Caixin
Jul 05, 2018 05:51 PM
BUSINESS & TECH

China to Rescue Brazilian Mega-Refinery Plans

A Petrobas gasoline station is seen in Rio de Janeiro, Brazil, in January 2013. Photo: VCG
A Petrobas gasoline station is seen in Rio de Janeiro, Brazil, in January 2013. Photo: VCG

A Chinese state-owned oil giant plans to step in to help an embattled Brazilian peer finish a scandal-plagued $16 billion refinery near Rio de Janeiro in a move that could presage further Chinese energy deals in the country.

China National Petroleum Corp. (CNPC) and Petroleo Brasileiro SA, more commonly known as Petrobras, signed a letter of intent to advance their existing strategic partnership, a Petrobras news release said.

According to the document, CNPC will help Petrobras complete its vast Comperj refinery complex and develop the offshore Marlim oil field, one of Brazil’s most strategic oil discoveries.

“This strategic partnership will strengthen ties between the companies and will contribute to deepen(ing) the global strategic partnership between Brazil and China,” the release said.

Petrobras is thought to have poured around $13 billion into developing the Comperj refinery, which was expected to create more than 100,000 jobs when construction began in 2004.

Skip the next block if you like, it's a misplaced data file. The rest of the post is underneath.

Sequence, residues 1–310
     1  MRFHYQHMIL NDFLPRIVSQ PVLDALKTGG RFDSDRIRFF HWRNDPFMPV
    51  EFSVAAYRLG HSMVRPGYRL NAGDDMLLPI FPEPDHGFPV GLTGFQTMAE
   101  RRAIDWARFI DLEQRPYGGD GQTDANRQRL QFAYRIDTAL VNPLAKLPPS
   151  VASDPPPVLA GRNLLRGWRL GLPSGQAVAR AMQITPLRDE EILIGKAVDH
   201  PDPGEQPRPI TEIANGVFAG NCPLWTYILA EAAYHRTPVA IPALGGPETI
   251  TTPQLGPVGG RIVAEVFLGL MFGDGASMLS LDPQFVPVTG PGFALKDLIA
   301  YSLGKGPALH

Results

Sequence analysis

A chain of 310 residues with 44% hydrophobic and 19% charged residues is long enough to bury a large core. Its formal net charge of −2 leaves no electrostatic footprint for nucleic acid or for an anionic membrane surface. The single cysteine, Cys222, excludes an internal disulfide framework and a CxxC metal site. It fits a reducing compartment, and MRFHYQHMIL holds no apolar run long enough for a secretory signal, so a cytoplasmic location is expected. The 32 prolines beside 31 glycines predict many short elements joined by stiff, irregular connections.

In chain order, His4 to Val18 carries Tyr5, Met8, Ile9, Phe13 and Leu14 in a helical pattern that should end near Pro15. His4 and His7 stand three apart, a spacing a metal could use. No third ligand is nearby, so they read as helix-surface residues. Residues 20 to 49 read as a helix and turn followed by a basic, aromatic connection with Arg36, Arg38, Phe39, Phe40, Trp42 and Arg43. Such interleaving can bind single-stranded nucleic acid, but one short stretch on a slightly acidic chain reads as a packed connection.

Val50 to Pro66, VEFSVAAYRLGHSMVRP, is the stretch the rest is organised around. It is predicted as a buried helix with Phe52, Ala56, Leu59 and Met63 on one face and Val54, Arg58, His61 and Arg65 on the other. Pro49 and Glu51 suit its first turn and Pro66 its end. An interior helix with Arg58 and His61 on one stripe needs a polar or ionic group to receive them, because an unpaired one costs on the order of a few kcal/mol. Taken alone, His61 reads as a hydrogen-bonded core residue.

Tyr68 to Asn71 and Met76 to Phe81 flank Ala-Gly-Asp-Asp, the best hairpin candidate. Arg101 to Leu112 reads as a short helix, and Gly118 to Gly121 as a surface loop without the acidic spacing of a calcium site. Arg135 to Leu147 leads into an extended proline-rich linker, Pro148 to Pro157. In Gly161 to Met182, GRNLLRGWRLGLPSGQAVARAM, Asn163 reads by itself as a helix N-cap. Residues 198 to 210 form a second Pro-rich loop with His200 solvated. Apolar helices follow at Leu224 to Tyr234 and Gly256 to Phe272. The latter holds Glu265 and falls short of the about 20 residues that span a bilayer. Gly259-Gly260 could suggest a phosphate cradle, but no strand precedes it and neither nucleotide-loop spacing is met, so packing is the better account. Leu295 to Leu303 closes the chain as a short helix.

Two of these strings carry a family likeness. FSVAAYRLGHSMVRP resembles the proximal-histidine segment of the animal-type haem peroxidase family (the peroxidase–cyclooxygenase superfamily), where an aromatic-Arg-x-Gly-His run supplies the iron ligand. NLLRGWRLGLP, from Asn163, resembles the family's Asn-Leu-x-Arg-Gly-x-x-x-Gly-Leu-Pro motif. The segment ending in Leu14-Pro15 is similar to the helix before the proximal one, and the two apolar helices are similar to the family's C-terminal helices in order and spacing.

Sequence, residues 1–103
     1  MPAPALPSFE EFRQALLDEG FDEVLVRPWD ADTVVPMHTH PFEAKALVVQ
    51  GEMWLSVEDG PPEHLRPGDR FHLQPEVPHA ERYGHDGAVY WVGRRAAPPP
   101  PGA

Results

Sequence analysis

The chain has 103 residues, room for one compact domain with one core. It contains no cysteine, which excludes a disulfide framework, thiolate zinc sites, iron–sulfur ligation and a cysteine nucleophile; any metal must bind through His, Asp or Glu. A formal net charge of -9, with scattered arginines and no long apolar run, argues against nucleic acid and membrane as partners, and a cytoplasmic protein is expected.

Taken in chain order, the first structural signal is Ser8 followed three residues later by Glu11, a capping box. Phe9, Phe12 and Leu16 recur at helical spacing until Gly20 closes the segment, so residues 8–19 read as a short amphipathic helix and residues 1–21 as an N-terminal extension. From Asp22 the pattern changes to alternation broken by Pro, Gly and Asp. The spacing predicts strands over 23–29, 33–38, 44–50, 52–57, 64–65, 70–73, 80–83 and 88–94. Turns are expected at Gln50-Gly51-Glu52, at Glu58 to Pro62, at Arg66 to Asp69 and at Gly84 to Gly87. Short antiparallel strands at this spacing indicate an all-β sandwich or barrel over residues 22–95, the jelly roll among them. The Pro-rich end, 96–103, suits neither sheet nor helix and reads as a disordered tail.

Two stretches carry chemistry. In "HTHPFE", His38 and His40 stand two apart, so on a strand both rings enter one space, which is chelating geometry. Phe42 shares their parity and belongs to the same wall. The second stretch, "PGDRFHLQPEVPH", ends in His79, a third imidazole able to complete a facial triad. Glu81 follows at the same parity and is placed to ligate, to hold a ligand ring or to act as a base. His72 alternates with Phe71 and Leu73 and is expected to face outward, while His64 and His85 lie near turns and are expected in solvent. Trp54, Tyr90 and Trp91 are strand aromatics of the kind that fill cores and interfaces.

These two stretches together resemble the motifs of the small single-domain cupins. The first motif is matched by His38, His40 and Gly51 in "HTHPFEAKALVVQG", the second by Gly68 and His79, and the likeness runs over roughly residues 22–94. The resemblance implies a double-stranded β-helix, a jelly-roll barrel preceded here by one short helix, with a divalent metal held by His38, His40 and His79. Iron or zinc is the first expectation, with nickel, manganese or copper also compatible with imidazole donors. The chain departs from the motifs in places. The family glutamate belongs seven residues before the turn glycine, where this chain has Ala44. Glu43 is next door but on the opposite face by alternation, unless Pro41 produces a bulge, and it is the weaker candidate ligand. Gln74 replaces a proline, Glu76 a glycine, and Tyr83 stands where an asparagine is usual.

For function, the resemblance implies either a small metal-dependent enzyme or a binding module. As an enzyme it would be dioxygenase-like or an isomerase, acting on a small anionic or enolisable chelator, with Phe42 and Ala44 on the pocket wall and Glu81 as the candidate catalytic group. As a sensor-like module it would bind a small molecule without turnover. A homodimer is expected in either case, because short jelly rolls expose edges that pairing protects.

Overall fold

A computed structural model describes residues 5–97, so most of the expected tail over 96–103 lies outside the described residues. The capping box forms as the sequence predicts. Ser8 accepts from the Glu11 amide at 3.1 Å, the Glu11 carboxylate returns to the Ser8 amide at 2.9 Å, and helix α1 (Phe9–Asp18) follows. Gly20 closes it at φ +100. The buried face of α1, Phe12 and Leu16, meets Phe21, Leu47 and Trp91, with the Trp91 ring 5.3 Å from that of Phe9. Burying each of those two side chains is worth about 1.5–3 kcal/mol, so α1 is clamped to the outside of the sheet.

However, the project was suspended in 2015 when a major police investigation known as “Operation Car Wash” discovered rampant corruption over development contracts involving Petrobras, with the scandal eventually leading to the impeachment and removal from office of then-Brazilian President Dilma Rousseff.

It is likely that CNPC will help to make up the $3 billion funding gap Petrobras needs to complete the project, although precise terms of a deal have yet to be announced.

“Petrobras is struggling to meet the $21 billion divestment target it is pursuing to ease the pressure of its enormous $91 billion debt, and Chinese investment could prove a lifeline both to the company and the government, which faces elections in October,” said Lucia Caamano, a senior analyst with AKE International. “Petrobras will not be able to keep key projects alive without finding new partners.”

Petrobras’ travails could prove a boon for oil-thirsty China, the world’s largest oil importer. With the U.S. reducing imports from the region and oil production stagnating elsewhere, the discovery of new reserves has led to substantial Chinese investment in Latin America, with Beijing lending nearly $140 billion to Latin American governments and state-owned enterprises in the 10 years up until 2017, according to a report from the Atlantic Council think tank.

Petrobras and CNPC have worked together as part of a consortium on Brazil’s Libra oil field, which started producing oil in 2017, the same year they also won exploration rights for the Peroba field.

However, the company’s previous dealings with Beijing have been criticized for a lack of transparency, such as a $10 billion China Development Bank loan in 2009. The Brazilian government and Petrobras will have to be clearer about their objectives if they are to avoid the pitfalls of the past, Caamano said.

Contact reporter Ke Dawei (daweike@caixin.com)

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